Chopsuey Cafe

Elisa:

Chopsuey Cafe is a classy, yet relaxing and inviting establishment – old-school gray and white marble tables adorned with glossy silver cutleries and white dishware that you would typically find in a regular Chinese restaurant. Juxtaposing this gorgeous black and white interior are amber dining chairs and leather maroon menus. The charming effect is completed with the giant vase of beautiful flowers – a unique feature that you would find in all PS Café restaurants.
Chopsuey Cafe is inspired by the fond memories of Westernized Chinese food of owners Peter Teo and Philip Chin. As such, the menu is a mix of classic American-Chinese dishes such as General Tso’s Chicken Drumlets and Sweet Corn & Fresh Egg Drop Soup, as well as contemporary interpretations such as Yam Truffle Ball and Twice Cooked Citrus & Spice Duck Leg or Grain Fed Beef Short Ribs.
However, this hottest addition to the Dempsey culinary scene by the PS Café group hasn’t received much positive reviews. In fact, it has only received a mere 3/5 stars from Singapore food critic Wong Ah Yoke. However, as huge fans of PS Café (my review on PS. Cafe Paragon, PS. Cafe Dempsey), my mum and I, against all odds, crossed our fingers and found our way to this colonial black and white house in the corner of Dempsey Hill one afternoon.
From the time we stepped in, we were treated like Kings and Queens. The host was friendly and cheerful, and service was impeccable. Waiters were interactive and knowledgeable, yet in no way arrogant. Again, a unique plus point for all PS Café restaurants.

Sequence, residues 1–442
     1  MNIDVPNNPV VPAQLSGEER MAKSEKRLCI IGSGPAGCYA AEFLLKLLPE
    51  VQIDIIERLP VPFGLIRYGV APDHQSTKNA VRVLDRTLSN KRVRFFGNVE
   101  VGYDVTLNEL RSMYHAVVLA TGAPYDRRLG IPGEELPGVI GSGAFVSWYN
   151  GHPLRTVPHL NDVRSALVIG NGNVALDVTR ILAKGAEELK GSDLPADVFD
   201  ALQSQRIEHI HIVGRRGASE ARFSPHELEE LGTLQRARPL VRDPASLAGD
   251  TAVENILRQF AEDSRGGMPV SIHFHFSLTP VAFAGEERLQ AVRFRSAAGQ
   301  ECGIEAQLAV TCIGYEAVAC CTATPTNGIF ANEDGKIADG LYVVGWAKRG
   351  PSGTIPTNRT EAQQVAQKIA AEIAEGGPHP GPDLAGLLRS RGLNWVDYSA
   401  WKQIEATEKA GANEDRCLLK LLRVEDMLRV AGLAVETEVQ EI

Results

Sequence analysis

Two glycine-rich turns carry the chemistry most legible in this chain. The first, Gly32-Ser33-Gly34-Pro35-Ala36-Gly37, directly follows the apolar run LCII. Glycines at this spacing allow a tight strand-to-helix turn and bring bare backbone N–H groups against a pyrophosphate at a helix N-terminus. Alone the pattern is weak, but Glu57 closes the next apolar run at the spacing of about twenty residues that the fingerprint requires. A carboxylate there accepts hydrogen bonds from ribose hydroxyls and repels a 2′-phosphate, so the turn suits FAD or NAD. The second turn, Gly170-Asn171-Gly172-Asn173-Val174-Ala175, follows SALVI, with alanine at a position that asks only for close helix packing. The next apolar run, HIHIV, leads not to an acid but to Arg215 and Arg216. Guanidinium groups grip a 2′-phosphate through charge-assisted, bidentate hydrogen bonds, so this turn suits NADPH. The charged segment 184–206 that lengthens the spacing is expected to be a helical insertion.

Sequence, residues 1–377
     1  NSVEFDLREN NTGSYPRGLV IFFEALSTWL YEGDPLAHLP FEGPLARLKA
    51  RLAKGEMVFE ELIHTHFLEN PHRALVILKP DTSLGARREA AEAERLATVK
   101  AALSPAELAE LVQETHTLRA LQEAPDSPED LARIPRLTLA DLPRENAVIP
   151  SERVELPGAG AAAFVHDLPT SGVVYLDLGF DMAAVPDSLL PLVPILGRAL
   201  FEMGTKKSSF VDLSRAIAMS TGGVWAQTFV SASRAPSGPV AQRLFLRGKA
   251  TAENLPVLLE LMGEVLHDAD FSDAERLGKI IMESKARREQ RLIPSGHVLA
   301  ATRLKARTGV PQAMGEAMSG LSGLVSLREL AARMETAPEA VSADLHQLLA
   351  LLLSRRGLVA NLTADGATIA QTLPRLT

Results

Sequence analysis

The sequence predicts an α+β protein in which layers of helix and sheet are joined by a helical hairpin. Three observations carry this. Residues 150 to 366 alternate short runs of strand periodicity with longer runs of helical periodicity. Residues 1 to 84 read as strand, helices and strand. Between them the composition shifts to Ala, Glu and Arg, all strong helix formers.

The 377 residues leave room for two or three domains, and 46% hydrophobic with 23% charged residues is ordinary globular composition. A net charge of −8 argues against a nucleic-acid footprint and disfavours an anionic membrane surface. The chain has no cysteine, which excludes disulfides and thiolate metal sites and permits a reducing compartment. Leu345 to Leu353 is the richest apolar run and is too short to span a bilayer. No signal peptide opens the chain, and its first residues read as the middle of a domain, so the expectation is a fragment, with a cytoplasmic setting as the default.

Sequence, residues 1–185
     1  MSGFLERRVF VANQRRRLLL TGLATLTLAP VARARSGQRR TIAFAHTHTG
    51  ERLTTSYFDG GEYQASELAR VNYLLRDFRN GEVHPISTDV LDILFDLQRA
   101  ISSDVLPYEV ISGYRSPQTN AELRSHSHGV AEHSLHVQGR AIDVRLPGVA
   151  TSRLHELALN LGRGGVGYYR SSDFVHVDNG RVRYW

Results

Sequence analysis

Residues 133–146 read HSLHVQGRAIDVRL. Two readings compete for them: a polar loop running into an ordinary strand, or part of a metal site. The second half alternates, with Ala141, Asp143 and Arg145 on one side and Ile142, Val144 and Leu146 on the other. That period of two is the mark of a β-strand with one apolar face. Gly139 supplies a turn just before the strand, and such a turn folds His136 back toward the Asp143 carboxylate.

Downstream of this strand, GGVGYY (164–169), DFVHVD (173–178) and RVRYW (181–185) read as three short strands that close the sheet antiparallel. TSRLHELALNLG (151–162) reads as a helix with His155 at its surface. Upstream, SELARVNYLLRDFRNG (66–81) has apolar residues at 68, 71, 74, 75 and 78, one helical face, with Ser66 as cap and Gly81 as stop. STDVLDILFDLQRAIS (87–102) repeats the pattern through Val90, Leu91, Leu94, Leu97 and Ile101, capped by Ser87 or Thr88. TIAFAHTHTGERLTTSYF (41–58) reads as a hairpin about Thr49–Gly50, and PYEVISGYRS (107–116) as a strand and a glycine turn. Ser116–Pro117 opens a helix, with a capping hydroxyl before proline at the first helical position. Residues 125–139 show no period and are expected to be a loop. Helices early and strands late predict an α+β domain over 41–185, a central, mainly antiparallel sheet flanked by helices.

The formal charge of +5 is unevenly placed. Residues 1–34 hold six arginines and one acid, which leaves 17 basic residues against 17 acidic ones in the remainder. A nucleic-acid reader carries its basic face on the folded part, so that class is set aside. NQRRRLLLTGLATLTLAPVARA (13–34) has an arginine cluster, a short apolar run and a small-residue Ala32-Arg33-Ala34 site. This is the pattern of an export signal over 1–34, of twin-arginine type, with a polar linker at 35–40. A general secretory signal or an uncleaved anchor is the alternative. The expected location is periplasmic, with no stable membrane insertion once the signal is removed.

On with the food:
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The condiments tray was impressive with each sauce appetizing in its own ways.
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Scallop, Crab & Scallion Dumpling ($9). This took ages to arrive. Initially, the chef had forgotten our order. And when it was finally done, it was served to the wrong table. But the waiter was professional and quick to respond by having our dessert on the house (not to say that we should always get free food, but to say commend on the exceptional service and customer care). But anyways, the skin was thick and a little gummy. The filling on the other hand, was substantial and juicy and bursting with flavor that I didn’t even need soy sauce. However, priced at about 3 times the price of the regular Dim Sum you can find in your average Chinese restaurant, diners are definitely expecting something more than spectacular. Yet, I don’t think the Dim Sum here has managed to achieve that standard.